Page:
Edwards Hairstreak Finery

Edwards Hairstreak Butterfly photographed by Jeff Zablow at Lynx Prairie, OH

This was a day that remains vivid in my memory. Angela, Barbara Ann, Dave & Joe led the way, to this largish prairie relict in Lynx Prairie Reserve, southern Ohio, just a handful of miles from Kentucky.

These Edwards Hairstreak butterflies were new to me, and this for sure was a fresh flight of them. Close approach to these tiny hairstreaks wowed! me, for their color palette was strikingly beautiful.

Shooting with my Fuji Velvia 50 slide film, I shot away, determined to capture those reds and blues amongst that handsome grayish brown, and sharp white and black.

This one will do just fine. I tried so hard to meet one universal goal of mine, capture the butterfly’s eyes in good focus, but the depth of field bugaboo denied my 100% success with that.

Winged beauty? Yep.

Jeff

Variegated Fritillary Butterfly

Variegated Skipper Butterfly photographed by Jeffrey Zablow in Savannah National Wildlife Refuge

Mosquitoes were wolf-packing me as I moved along the dikes of this one-time rice farm. I was paying the price for my adventure. Savannah National Wildlife Refuge in Georgia, is just a 25 minute drive from Tybee Island. I spent my mornings at this lush refuge, followed by lazy August afternoons at the beach, and then evenings exploring Savannah. If OFF had been 100% protective, this trip would have been perfect.

We’ve posted dorsal images of Euptoieta Claudia. This shot offers a view of the ventral wing coloration and form. The seriousness of this butterfly’s focus on eating nectar is one of several reasons for concluding that it’s a female. The wildflower is likely a Verbena. Clarification from one of my readers would be greatly appreciated.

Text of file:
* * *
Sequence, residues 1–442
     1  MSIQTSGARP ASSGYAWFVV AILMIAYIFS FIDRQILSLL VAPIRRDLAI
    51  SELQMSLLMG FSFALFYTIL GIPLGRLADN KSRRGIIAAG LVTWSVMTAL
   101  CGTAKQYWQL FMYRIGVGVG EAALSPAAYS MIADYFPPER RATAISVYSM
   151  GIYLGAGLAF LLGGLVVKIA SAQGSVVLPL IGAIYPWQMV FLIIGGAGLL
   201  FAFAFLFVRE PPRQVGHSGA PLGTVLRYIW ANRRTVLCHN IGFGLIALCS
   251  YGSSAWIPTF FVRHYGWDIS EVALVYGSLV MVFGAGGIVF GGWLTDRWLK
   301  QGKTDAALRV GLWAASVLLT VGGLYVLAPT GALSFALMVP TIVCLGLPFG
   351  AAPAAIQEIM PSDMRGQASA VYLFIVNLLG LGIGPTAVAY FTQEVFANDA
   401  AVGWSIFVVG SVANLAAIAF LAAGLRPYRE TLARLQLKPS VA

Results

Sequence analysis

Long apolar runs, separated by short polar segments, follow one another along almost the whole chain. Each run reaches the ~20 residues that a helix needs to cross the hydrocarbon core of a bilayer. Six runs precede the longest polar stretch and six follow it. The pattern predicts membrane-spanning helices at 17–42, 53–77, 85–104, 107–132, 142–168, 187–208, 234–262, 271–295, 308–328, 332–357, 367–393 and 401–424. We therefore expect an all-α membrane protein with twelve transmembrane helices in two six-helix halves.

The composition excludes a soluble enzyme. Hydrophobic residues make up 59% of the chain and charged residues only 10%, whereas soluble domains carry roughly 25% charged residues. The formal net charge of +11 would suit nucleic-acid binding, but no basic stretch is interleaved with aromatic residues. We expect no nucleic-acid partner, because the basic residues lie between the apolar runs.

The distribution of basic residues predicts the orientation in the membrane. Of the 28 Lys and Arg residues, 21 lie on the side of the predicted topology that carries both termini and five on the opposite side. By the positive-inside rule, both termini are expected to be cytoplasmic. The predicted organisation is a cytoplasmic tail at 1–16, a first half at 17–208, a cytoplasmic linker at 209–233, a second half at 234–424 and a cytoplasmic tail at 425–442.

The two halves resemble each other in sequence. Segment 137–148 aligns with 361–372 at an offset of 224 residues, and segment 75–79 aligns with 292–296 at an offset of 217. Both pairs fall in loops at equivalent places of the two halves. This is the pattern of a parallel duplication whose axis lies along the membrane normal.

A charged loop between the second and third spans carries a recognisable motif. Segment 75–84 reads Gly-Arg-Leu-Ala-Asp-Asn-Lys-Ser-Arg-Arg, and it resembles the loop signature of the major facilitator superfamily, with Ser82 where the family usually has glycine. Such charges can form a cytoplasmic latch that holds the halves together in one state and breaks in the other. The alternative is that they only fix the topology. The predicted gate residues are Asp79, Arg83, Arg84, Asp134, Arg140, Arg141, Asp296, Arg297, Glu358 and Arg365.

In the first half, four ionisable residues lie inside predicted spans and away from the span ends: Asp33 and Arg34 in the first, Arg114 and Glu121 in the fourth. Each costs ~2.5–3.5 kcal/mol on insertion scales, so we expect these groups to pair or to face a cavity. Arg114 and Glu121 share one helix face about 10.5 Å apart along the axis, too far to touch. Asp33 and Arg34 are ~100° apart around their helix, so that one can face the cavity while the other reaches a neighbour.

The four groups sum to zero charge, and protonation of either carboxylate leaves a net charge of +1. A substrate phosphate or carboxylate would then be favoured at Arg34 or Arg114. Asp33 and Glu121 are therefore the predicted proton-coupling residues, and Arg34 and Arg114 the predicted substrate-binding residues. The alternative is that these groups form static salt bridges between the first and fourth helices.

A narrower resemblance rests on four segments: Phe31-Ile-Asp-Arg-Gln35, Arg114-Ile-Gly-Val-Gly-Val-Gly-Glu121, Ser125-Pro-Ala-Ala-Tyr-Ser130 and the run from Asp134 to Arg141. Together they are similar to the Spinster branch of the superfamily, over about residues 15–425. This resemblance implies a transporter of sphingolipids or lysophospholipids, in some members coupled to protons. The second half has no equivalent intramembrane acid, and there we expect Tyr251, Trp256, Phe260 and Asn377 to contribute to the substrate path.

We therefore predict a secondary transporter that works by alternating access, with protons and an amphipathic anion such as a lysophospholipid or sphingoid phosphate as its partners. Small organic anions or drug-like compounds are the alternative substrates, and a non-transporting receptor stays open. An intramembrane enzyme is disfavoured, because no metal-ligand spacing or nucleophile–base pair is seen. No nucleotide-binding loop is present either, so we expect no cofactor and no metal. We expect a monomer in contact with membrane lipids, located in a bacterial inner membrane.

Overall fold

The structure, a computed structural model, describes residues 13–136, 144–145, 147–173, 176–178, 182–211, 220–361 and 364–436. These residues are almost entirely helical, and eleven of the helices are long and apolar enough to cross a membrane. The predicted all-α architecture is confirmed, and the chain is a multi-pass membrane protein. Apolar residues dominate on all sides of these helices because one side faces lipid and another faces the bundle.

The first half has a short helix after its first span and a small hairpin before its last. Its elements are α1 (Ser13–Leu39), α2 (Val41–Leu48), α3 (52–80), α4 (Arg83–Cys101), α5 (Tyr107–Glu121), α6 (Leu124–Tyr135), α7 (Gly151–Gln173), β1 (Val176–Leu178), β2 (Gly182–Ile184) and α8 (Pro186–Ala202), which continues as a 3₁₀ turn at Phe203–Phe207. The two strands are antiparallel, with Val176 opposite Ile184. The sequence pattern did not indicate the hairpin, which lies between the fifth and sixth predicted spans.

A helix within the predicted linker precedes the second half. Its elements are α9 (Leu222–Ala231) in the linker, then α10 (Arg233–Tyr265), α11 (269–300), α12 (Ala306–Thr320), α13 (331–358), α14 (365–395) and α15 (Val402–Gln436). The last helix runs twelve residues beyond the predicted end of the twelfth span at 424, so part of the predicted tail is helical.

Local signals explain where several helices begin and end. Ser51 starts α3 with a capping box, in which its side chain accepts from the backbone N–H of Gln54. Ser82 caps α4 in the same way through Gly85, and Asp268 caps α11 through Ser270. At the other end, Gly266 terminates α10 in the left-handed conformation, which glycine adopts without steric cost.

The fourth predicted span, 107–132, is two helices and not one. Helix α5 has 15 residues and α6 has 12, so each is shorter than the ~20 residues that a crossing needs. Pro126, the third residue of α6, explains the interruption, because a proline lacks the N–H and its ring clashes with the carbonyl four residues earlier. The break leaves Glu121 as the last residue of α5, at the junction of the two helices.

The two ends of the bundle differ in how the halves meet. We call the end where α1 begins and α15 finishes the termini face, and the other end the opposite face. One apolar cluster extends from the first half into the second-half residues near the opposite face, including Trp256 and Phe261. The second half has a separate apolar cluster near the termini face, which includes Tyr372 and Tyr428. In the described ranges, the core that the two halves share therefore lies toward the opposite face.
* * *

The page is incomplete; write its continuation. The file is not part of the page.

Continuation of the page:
Variegated Fritillaries favor the same habitat as do Gulf Fritillaries. Both butterflies are strikingly beautiful; bejeweled, if you will. I was so busy moving with my camera from one Variegated Fritillary to an equally comely Gulf Fritillary that I only later realized that my shield against mosquitoe bites was partially successful.

That’s what I love about Fritillary Butterflies. When the table is set with nectar-pumping wildflowers, these Brushfoots can be easily approached and photographed. They value the sweet nectar, and single-mindedly devour it. So find a fresh Fritillary, follow it to a nearby suitable bloom and follow our suggested Technique approach. It’s all worth it when eye-candy such as this butterfly is yours to enjoy and remember.

Jeff